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Salvia dorisiana, the fruit-scented sage or peach sage, is a perennial shrub native to Honduras. It grows 1-1.3 m tall, and is heavily branched. The leaves have a fruity scent when brushed, and large magenta-pink flowers that bloom in winter. Salvia dorisiana was first described in 1950, and has become popular as a greenhouse plant. The flowers reach up to 5 cm in length, with a lime-green calyx about the same length. The entire plant is covered in hairs whose glands release a pineapple-grapefruit scent.[1]

Salvia dorisiana
Salvia dorisiana (Scott Zona) 001.jpg
Scientific classification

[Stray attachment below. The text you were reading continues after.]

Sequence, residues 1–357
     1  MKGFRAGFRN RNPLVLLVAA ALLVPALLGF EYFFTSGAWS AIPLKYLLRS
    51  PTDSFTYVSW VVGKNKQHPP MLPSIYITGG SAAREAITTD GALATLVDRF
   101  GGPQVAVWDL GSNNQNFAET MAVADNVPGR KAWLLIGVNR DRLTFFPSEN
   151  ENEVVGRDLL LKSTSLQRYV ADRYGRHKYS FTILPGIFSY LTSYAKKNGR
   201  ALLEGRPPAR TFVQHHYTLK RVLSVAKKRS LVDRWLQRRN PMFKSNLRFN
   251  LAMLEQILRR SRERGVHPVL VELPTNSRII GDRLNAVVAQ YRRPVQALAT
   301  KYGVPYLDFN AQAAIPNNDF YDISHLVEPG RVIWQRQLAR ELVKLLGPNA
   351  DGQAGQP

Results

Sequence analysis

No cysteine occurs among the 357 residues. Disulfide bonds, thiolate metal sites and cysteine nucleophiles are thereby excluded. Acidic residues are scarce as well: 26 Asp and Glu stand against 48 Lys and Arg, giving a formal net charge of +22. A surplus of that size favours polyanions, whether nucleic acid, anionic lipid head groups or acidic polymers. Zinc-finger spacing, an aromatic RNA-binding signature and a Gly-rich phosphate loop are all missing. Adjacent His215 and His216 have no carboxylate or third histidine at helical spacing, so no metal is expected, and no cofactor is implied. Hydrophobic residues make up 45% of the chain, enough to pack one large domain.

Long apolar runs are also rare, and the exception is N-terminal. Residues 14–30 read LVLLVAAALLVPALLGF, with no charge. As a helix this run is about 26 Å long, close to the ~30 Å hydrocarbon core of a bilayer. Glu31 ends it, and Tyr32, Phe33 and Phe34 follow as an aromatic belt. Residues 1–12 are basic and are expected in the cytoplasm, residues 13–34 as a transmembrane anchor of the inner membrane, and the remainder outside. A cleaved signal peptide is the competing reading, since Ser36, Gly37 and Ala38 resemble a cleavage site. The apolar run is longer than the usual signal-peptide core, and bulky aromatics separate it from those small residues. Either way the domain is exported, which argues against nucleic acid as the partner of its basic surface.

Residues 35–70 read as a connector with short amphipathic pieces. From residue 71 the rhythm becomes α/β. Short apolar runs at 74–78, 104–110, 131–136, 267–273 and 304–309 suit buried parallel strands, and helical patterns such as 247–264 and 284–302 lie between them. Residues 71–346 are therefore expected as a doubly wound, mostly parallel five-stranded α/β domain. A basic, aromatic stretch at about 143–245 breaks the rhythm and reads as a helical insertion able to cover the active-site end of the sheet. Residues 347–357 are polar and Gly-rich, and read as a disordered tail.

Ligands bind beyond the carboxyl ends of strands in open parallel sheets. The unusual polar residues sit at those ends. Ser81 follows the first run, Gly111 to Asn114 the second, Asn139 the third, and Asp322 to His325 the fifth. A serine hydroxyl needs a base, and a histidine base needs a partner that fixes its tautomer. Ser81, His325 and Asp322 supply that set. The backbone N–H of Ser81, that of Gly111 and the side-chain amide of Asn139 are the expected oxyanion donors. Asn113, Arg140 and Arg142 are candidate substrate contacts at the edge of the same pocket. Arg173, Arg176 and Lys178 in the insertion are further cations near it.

Kingdom: Plantae
(unranked): Angiosperms
(unranked): Eudicots
(unranked): Asterids
Order: Lamiales
Family: Lamiaceae
Genus: Salvia
Species: S. dorisiana
Binomial name
Salvia dorisiana
Standl.

Salvia dorisiana was named for Doris Zemurray Stone, 1909-1994, archaeologist and ethnographer and director of the national museum of Costa Rica, though many horticulture references apocryphally repeat that it was named after Doris, daughter of Oceanus and Tethys, and the wife of Nereus.[2][3]

NotesEdit

  1. ^ Clebsch, Betsy; Barner, Carol D. (2003). The New Book of Salvias. Timber Press. p. 112. ISBN 978-0-88192-560-9. 
  2. ^ Arthur O. Tucker; Thomas DeBaggio (16 September 2009). The Encyclopedia of Herbs: A Comprehensive Reference to Herbs of Flavor and Fragrance. Timber Press. p. 438. ISBN 978-0-88192-994-2. Retrieved 28 October 2012. 
  3. ^ Standley, P. C. 1950. New Plants from Honduras. Ceiba 1(1): 38–49